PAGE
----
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Old 06-01-2012, 08:29 PM   #1
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How soon until NYC is NOT a food destination?

With all of the crazy laws Bloomberg has passed or attempted to pass, how soon until all the good restaurants move to Jersey City or at least outside the city limits?

I still can't believe the NYC politicians called for a ban on salt in restaurants (even during prep).

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Old 06-01-2012, 08:31 PM   #2
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Salt???
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Old 06-01-2012, 10:40 PM   #3
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It's very old news, 2010. Note that although Bloomberg called it ridiculous, when you read the rest of his response, it's clear he means that it was too much too fast and you have to ease people into their lives being controlled for their own good as determined by someone very, very smart (like guess who) over a few years.


A10129-2009 Text
S T A T E O F N E W Y O R K

10129
I N ASSEMBLY
March 5, 2010

Introduced by M. of A. ORTIZ, MARKEY -- Multi-Sponsored by -- M. of A.
PERRY -- read once and referred to the Committee on Health


AN ACT to amend the general business law, in relation to prohibiting the
use of salt in the preparation of food by restaurants
THE PEOPLE OF THE STATE OF NEW YORK, REPRESENTED IN SENATE AND ASSEMBLY, DO ENACT AS FOLLOWS:

Section 1. The general business law is amended by adding a new section
399-bbb to read as follows:

S 399-BBB. PROHIBITION ON SALT; RESTAURANTS. 1. NO OWNER OR OPERATOR OF A RESTAURANT IN THIS STATE SHALL USE SALT IN ANY FORM IN THE PREPARATION OF ANY FOOD FOR CONSUMPTION BY CUSTOMERS OF SUCH RESTAURANT, INCLUDING FOOD PREPARED TO BE CONSUMED ON THE PREMISES OF SUCH RESTAURANT OR OFF OF SUCH PREMISES.

Wikipedia:
In March 2010, Ortiz introduced a bill, co-sponsored with assembly members Margaret Markey and N. Nick Perry, that would prohibit the use of all forms of salt in the preparation and cooking of all restaurant food.[3] Ortiz said he was inspired to introduce the bill after his father suffered a heart attack due to high blood pressure.[4] The bill quickly gained media attention, and prompted negative comments from New York chefs such as Tom Colicchio, who said a salt ban would mean "no one would come here anymore,"[5] and New York City mayor Michael Bloomberg, who called the bill "ridiculous".[6] The proposal also earned Ortiz the title of "Nanny of the Month" for March 2010 from Reason.tv.[7] Responding to the outcry, Ortiz issued a statement saying that his intention was to have the bill only outlaw the use of salt "as an additive", not as "a functional component of the recipe".[6]
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Old 06-02-2012, 04:05 AM   #4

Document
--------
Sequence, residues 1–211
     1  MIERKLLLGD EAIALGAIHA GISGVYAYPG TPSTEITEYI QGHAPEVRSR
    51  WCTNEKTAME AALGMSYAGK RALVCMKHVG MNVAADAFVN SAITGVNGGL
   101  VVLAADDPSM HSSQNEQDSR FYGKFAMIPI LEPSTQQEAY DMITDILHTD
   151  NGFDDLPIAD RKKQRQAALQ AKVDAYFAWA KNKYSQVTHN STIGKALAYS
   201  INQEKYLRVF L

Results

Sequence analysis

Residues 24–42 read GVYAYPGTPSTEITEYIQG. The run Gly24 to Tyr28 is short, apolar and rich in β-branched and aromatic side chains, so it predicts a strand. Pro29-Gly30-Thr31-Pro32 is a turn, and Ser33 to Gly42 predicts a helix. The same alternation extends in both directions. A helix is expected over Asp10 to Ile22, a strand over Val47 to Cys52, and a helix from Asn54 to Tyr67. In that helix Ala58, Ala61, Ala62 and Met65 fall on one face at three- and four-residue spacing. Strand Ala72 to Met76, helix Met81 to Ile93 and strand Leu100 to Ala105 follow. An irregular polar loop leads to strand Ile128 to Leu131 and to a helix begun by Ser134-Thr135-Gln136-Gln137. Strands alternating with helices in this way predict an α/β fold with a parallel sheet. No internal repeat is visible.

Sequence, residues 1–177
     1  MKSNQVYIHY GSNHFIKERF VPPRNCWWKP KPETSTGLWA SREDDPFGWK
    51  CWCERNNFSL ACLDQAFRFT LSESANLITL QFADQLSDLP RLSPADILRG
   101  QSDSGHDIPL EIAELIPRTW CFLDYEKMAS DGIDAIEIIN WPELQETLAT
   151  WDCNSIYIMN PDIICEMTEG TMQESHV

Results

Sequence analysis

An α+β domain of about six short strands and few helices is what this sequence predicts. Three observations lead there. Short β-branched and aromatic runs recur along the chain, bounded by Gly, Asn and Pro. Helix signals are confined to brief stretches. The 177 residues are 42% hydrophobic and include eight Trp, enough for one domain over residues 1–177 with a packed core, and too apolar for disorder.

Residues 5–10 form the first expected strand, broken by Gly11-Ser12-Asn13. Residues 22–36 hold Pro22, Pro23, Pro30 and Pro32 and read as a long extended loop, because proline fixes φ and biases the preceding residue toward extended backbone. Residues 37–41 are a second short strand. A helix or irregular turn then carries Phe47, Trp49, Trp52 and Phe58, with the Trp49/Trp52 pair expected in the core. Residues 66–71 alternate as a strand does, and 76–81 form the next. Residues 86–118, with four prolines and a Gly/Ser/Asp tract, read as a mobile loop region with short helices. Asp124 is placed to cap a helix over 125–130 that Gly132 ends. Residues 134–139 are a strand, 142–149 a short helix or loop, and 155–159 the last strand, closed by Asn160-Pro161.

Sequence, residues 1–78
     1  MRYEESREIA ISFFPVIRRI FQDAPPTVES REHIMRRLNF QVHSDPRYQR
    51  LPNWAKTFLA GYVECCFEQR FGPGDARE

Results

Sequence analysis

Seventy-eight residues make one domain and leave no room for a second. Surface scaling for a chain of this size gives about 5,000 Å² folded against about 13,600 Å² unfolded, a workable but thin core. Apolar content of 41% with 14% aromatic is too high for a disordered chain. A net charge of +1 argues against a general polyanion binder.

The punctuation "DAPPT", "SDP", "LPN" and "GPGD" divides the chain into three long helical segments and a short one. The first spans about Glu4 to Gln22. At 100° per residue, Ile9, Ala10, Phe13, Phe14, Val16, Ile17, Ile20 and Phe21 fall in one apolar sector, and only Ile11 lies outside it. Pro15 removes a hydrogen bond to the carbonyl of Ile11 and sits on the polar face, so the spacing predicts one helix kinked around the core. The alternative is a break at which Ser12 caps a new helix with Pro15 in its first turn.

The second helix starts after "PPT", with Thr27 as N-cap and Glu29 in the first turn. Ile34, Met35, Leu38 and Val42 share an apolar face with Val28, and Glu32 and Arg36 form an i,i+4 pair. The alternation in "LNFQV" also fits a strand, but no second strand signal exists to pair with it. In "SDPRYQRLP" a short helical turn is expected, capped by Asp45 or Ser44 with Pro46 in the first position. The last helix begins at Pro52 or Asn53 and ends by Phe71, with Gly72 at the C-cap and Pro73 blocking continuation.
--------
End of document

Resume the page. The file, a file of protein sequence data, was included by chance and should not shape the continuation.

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yes, old news, but do you know abput the new speakeasies that are popping up? you can get extra salt and 20 oz. sodas, but for a price.
,
i can see a future where people pray for snow storms so they can follow the salt spreader trucks around with containers of french fries.
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Old 06-02-2012, 06:02 AM   #5
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I am opposed to government determining what I can eat or drink and I think privately Bloomberg is too. I think the real genius in Bloomberg's approach is that he uses these bans to create a national dialogue on health issues and eventually changes are made that improve the overall health of the nation. In the case of salt and sugar I would like to see pressure placed on food companies to reduce the amount or remove it where it is not needed or was never intended to be.

As for the sweetened beverage ban it makes me laugh. I am obese, round as a biscuit, and I have not had a sweetened beverage in about forty years.

Go figure!
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Old 06-02-2012, 06:25 AM   #6
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Time For A New Governor & A New Mayor

People shall carry Salt in their Shoulder Bags ...

It is time for a new Governor and a new Mayor ... Besides, it is illegal to be in mandate over 8 years, isn´t it ?

I am sure the Michelin Chefs, such as Tom Keller etcetra, shall manifest or take it further ... Yes ?

Interesting thread too ...

Ciao, Have nice wkend.

Margi.
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Old 06-02-2012, 06:39 AM   #7
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Pickles, sauerkraut, salami, pastrami, cheese, ..., without salt?
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Old 06-02-2012, 08:13 AM   #8
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Some things Bloomberg did were great. The no smoking in bars and restaurants (bc you know other people are effected) and the posting of calories on menus with 15+ restaurants. I really miss that since I moved because I felt u could make an informed choice. But it was a choice he gave NYers unlike his current ban on soda which takes choice away.
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Old 06-02-2012, 08:18 AM   #9
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Quote:
(bc you know other people are effected)
Documentation please.......
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Old 06-02-2012, 08:20 AM   #10
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I reckon he means well, but he sure comes off looking kinda pushy. Ban large sodas....what's next? no more free refills? limit soda sales to one per customer?
I wonder if he really believes that banning large sodas will truly help.To be sure there must be more pressing matters in NYC....'course, not having ever traveled to that fair city, I could be wrong.
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